History of Enforcement in Transportation
The second part of the “Removing Enforcement Strategies from Transportation Safety Programs” webinar series. (Transportation Equity Caucus)
Support the HEAL Act, SB 5141 — Our moment to stand up for environmental justice is here! The Healthy Environment for All (HEAL) Act (SB 5141) passed out of the House Appropriations Committee this week with the support of hundreds of advocates. (Front and Centered)
Month of Action Week 4: A manual for safer streets — Submit a comment urging the FHWA to rewrite the MUTCD to put pedestrian and cyclist safety front and center. (Transportation for America)
The Un-Urbanist Assembly — A digital, 23-hour protest, confronting racism in urban planning. Unurbanist Assembly is an annual virtual 23-hour teach-in, confronting the legacy of racism in urban planning. June 18-19. Free. (Thrivance Group)
GRTMA Annual Members Meeting with King County Council Chair Balducci
Join GRTMA & keynote speaker King County Council Chair Claudia Balducci on April 28 at 12:00pm to learn more about major transportation changes coming to King County and what they will mean for you. The event will be closed captioned.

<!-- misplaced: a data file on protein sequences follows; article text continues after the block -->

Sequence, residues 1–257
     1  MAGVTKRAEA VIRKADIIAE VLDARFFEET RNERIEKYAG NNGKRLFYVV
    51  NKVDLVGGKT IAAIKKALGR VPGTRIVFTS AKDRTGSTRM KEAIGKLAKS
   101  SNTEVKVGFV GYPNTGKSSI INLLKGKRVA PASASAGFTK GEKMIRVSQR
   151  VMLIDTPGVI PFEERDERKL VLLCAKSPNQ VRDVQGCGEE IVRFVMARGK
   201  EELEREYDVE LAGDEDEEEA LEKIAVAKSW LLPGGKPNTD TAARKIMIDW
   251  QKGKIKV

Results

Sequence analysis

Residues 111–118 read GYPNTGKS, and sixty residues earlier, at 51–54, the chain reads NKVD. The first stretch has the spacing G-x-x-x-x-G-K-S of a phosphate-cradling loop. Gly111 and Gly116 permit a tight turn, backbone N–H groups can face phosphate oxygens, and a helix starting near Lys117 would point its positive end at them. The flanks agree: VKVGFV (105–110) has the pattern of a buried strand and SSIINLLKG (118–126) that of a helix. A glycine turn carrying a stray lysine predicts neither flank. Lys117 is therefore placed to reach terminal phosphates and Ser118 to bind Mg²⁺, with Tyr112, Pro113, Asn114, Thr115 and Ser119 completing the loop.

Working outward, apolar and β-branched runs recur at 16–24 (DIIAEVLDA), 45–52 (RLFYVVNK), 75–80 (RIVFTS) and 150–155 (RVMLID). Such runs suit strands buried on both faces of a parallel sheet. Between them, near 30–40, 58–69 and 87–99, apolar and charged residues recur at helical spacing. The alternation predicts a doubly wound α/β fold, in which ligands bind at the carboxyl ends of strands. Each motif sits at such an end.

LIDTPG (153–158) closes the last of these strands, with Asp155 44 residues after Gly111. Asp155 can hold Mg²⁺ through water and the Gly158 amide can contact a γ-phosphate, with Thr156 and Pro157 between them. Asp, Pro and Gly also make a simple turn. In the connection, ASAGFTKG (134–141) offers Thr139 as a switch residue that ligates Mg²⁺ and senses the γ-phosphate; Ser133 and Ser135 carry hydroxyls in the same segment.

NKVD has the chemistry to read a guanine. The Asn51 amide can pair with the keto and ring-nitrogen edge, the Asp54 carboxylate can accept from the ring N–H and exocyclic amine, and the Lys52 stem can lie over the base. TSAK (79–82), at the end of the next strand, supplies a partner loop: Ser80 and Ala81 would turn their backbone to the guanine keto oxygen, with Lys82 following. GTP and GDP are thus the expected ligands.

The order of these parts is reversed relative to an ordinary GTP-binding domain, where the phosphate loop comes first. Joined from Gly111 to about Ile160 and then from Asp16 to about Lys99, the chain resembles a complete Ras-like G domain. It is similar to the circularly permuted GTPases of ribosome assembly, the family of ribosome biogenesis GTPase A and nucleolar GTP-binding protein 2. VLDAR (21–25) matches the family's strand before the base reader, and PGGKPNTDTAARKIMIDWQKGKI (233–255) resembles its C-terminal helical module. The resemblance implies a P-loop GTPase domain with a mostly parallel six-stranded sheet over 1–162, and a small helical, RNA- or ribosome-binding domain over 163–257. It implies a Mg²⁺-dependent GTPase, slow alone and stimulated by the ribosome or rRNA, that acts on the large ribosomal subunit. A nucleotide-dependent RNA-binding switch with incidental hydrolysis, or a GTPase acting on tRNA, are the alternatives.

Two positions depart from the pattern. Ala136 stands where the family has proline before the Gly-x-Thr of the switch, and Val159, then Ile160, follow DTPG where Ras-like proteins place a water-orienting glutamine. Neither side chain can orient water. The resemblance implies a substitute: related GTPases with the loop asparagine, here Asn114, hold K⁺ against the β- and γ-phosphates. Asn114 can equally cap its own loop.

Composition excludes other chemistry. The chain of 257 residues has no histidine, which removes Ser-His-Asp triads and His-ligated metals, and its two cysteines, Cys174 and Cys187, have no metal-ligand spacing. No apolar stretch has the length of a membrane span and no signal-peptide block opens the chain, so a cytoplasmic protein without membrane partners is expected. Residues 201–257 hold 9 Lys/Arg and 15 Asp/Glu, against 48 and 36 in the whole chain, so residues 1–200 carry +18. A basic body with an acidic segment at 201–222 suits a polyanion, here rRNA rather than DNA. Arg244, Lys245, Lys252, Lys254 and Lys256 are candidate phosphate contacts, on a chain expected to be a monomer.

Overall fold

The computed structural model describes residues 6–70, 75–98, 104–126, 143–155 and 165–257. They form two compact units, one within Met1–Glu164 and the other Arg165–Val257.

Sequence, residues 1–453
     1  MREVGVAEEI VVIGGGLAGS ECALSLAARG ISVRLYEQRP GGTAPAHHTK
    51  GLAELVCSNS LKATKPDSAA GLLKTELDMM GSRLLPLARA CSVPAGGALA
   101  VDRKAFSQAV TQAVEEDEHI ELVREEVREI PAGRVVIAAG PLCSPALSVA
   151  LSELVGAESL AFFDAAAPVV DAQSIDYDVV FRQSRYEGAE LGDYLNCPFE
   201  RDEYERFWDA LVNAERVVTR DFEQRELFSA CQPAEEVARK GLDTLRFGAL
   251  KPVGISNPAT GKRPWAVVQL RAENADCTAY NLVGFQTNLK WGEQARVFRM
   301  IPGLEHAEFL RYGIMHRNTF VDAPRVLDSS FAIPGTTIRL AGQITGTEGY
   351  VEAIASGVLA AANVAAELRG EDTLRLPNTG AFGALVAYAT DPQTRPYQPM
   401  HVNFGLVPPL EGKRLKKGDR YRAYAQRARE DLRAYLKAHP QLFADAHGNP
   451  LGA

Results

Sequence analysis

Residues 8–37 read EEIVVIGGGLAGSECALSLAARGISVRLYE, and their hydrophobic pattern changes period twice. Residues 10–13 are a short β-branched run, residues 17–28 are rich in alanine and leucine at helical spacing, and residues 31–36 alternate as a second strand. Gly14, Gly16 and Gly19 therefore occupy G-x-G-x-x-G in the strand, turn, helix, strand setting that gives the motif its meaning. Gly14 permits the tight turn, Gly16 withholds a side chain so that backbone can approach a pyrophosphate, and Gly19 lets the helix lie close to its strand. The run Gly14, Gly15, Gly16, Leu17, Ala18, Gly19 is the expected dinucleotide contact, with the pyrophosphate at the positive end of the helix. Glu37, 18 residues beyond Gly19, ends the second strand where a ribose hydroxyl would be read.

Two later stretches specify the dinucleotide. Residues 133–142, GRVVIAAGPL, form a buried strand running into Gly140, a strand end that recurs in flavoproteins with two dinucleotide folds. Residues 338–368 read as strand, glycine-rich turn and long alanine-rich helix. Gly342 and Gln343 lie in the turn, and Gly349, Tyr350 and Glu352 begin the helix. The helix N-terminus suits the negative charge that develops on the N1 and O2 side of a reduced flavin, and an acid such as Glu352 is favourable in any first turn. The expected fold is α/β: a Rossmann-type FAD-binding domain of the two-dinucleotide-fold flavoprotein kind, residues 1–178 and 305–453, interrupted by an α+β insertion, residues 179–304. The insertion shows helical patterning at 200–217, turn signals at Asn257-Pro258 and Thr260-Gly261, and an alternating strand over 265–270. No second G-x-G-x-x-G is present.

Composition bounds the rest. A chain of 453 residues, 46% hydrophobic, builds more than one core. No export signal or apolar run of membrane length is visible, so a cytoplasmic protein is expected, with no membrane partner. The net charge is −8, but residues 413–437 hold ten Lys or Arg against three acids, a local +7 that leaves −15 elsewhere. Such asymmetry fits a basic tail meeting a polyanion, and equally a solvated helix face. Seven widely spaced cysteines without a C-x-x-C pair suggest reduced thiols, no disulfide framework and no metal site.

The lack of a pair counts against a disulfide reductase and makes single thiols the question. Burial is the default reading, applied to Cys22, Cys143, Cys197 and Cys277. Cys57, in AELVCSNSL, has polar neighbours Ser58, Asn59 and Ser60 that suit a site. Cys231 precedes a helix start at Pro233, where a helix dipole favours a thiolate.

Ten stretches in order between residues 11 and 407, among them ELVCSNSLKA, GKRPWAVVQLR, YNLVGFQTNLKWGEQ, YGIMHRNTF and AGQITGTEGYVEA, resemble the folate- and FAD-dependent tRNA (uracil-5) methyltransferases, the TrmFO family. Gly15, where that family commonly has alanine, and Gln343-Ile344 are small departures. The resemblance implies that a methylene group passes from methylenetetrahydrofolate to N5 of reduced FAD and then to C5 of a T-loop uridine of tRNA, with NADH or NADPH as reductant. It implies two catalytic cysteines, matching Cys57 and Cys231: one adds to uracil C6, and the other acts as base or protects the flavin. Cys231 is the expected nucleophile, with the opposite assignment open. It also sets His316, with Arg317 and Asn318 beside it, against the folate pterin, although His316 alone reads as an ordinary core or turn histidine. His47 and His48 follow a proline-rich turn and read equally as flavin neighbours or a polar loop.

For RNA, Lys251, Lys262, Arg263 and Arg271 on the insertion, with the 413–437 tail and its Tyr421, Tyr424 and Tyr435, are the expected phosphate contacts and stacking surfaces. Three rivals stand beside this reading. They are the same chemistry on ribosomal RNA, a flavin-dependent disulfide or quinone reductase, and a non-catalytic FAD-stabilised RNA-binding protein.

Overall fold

Webinar: Eliminating Cash Options for Public Transit Fares: Costs, Benefits and Equity Impacts — Many transit agencies plan to automate their fare collection and limit the use of cash, yet about 10% of adults in the United States lack a bank account or credit card. Tuesday, May 11, 2021, 10:00am to 11:00am PDT.
Tell Olympia to stop criminalizing poverty — Suspending driver’s licenses and filing DWLS3 charges drains criminal justice resources and unduly burdens poor people with unnecessary criminal convictions that can affect employment and housing opportunities. (ACLU of Washington)
Join Washington Transportation Advocates on Slack — We’ve created a new Slack workspace for transportation advocates across the state! Click the link above to join and share ideas, news, actions, and more.
What we’re reading
Photo via Seattle Times.
‘Decades overdue.’ Transportation industry cheers Biden’s infrastructure plan
“President Biden’s plan is the most visionary proposal for the nation’s transportation network since the dawn of the Interstate Highway System,” Janette Sadik-Khan, chair of the National Association of City Transportation Officials, said in a statement. (CNN, April 1)
U.S. Transportation Secretary Pete Buttigieg Announces $187 Million in Federal Funding Allocations for Four Bus Rapid Transit Projects